Russia may renegotiate the lease of the border Saimaa Canal with Finland in the event of its accession to NATO. Such a decision is not excluded in the State Duma of the Russian Federation.
The Saimaa Canal is considered the most important transport artery in Finland. The navigable channel between Lake Saimaa in Finland and Vyborg Bay in Russia was opened in 1856 and reconstructed in 1963-1968. The total length of the channel with a sea fairway is 57.3 kilometers, of which Finland owns 23.3 kilometers and Russia – 34 kilometers. Finland leases 19.6 kilometers of the Russian part of the canal and the adjacent territory. The lease term is until 2063.
The Russian Embassy in Helsinki reported that Moscow is “closely monitoring and analyzing the ongoing discussion in Finland about possible accession to NATO”. If Finland joins the alliance, the Russian Federation “will need to take measures necessary to ensure Russian interests,” because Finland’s accession to NATO will worsen relations with Moscow and entail a revision of previously concluded agreements, as stated in the Russian State Duma.
“As Russia’s relations with any country deteriorate, agreements concluded during the period of benevolent relations and that had meanings in this regard may be revised,” said Dmitry Novikov, the First Deputy Chairman of the International Committee of the State Duma.
The Russian Foreign Ministry has already stated that the accession of Finland and Sweden to NATO will lead to negative consequences for peace in Northern Europe and the security architecture of the continent.
As reminded, in November 2021, Russia decided to stop exporting untreated wood through the Saimaa Canal. Then, the Russian Embassy in Helsinki said that the decision was made long before the discussion of possible NATO membership intensified in Finland. Nevertheless, according to Russian customs statistics, the transportation of unprocessed timber through the Saimaa Canal in recent years accounted for no more than 10 per cent of the total volume of their exports from Russia to Finland.
The President of the Russian Association of Baltic Studies, Nikolay Mezhevich, believes that the regime of the Saimaa Canal will be revised.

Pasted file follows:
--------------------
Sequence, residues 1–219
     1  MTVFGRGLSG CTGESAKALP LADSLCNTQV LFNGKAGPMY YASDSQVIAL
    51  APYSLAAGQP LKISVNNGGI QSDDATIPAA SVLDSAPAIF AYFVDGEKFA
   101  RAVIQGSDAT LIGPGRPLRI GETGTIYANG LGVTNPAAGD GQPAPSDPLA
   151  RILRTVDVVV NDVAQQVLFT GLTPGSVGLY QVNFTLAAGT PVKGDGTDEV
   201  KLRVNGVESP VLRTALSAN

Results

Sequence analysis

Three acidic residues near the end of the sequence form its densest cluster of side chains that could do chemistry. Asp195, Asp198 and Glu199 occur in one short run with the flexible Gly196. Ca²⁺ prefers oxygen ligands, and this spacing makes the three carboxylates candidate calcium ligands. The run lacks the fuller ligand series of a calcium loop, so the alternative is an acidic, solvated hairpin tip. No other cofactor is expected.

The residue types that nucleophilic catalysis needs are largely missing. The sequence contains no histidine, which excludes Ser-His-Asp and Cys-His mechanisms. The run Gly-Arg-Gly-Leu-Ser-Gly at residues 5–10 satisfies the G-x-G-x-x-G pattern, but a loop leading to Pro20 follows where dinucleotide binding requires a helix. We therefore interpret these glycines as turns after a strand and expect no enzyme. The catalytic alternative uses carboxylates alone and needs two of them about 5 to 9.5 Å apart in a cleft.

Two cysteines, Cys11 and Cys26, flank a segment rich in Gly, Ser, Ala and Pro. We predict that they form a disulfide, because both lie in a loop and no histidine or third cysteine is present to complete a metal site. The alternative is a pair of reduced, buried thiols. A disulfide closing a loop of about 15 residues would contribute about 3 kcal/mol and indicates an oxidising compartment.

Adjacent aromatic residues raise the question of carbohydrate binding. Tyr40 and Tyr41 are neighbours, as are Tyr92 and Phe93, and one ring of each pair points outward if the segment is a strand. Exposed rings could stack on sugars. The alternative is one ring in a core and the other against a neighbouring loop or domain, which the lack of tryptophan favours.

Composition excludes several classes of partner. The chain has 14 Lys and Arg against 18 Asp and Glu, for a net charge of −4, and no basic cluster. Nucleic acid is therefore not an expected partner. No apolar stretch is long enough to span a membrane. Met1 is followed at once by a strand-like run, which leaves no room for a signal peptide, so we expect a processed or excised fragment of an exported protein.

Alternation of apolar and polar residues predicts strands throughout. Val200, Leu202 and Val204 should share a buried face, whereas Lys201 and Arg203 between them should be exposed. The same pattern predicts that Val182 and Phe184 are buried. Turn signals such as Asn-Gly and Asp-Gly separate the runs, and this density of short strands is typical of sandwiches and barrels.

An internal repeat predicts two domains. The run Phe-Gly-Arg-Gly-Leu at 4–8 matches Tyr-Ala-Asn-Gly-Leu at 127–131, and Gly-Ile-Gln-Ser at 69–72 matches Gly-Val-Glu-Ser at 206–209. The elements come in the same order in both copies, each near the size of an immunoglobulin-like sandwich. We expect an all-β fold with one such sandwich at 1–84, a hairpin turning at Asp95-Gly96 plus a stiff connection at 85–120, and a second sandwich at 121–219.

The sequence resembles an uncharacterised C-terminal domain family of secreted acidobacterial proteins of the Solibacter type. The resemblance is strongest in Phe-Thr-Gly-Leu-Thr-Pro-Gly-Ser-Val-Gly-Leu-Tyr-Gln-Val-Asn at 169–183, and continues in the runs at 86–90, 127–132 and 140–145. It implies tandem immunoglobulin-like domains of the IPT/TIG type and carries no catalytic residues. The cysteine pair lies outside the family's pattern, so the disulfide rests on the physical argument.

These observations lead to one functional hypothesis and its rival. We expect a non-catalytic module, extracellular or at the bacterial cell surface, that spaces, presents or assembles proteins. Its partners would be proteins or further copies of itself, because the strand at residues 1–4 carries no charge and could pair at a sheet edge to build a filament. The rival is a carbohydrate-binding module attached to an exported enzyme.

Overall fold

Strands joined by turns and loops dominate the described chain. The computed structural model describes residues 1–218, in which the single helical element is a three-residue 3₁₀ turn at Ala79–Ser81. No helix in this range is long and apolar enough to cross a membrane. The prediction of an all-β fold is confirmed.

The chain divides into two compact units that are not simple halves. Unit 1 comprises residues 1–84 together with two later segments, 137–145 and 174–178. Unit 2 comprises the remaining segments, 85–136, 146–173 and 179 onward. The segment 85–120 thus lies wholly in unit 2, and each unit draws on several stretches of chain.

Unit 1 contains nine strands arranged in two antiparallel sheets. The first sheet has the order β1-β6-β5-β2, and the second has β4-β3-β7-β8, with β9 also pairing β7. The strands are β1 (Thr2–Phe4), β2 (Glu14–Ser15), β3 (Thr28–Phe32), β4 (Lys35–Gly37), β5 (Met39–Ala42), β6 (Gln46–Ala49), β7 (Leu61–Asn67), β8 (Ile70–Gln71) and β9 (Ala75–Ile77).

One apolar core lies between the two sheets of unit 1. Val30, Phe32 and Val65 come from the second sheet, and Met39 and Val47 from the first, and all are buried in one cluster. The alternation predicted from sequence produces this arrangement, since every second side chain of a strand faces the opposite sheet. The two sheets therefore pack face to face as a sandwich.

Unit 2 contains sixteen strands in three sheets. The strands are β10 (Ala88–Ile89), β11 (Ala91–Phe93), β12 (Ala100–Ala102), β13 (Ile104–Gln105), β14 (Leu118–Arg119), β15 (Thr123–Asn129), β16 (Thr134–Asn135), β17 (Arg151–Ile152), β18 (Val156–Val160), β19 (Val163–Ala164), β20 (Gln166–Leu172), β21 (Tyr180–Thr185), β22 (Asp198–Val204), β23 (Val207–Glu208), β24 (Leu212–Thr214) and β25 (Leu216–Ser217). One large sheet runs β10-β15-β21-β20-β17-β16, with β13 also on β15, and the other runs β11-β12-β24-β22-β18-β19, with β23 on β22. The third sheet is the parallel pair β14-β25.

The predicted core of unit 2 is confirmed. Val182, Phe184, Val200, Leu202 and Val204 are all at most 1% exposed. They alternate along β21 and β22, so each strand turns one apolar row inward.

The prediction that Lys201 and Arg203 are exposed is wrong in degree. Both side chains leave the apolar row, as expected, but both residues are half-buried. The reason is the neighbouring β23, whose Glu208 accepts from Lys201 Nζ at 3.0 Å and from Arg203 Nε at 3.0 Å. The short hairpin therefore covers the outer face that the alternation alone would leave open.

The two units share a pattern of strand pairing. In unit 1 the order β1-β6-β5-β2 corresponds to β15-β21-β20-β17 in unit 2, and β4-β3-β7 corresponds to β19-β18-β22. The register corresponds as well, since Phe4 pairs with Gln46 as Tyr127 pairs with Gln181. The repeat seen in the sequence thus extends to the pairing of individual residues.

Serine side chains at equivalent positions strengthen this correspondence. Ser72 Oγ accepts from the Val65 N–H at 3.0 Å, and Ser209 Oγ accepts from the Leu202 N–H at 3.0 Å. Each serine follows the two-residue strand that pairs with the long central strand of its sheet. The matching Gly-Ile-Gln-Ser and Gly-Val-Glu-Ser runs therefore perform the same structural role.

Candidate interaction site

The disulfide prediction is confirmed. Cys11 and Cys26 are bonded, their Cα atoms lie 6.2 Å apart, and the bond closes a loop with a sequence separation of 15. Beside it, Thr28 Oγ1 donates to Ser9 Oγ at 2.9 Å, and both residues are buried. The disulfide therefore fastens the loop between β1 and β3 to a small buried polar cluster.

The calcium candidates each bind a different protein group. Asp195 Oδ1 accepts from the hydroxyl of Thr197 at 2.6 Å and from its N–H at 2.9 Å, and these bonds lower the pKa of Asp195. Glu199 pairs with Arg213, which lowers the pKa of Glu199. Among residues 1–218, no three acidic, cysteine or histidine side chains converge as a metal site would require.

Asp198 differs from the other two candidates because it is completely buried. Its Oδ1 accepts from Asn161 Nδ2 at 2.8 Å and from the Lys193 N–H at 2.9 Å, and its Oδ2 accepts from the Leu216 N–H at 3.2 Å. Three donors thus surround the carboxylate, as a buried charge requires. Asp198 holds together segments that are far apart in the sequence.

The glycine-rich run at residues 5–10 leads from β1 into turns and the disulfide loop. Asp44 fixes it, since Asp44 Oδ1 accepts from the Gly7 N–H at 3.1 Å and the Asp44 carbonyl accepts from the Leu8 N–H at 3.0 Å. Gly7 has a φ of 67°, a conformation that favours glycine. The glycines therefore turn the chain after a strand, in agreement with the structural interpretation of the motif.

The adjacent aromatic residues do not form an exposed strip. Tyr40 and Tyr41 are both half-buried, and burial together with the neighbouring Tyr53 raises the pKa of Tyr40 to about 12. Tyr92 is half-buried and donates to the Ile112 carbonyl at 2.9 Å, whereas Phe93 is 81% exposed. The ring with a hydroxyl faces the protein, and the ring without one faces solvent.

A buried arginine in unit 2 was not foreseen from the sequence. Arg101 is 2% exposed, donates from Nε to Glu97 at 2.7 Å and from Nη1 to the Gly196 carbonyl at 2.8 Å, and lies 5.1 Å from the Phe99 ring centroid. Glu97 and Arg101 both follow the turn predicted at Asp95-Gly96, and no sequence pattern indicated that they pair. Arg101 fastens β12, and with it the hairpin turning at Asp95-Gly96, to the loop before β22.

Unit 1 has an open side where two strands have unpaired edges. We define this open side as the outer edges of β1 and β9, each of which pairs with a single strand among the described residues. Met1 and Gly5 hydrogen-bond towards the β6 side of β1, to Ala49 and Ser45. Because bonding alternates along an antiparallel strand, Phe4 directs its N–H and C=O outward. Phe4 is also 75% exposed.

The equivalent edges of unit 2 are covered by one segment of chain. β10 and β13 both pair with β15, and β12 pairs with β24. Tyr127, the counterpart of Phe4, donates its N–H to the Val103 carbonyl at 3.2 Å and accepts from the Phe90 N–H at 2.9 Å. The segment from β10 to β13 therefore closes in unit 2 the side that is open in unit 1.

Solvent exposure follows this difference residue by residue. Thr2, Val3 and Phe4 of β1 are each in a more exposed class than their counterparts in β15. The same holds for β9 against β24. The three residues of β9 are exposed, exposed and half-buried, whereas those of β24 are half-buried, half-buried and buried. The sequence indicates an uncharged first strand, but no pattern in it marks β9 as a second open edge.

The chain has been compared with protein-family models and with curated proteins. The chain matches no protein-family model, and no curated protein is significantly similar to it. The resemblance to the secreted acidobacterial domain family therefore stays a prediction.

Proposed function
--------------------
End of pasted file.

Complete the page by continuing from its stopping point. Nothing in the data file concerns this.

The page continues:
“I think it will be a matter of the fundamental closure of the Saimaa Lakes and access for this inland body of water to the Baltic Sea and the World Ocean. Our relations with the Finns from the 1950s to the present have been special. And Finns were allowed what others were never allowed. And now, of course, these agreements, often informal, will be subject to revision,” the expert said.
For example, according to Article 6 of the Saimaa Canal Lease Agreement, military ships sailing under the flag of Finland or third countries, as well as ships carrying military personnel and military equipment, are not allowed to pass through the Russian part of the Saimaa Canal. The passage of state vessels of third countries not engaged in commercial or other commercial shipping without permission from Russia is also prohibited.
However, Mezhevich noted that Finland, having become part of NATO, can theoretically send “its missile boats through the channel in the absence of any position on the part of Russia”. Although, in fact, Finns are unlikely to take this step, the expert believes.
A political scientist and professor of political history at the University of Turku, Timo Soikkanen, also admits that if Finland joins NATO, Russia will revise the provisions of the treaty.
“Most importantly, after joining NATO, the very level of relations between our countries will change, it will no longer be the same as it was under Kekkonen [the eighth President of Finland],” the expert noted.
He believes that the economic consequences of the termination of the lease agreement of the Saimaa Canal will not be so significant. In turn, the cultural and historical significance of this waterway is much more important, in his opinion, so it’s them that go under threat of being deteriorated.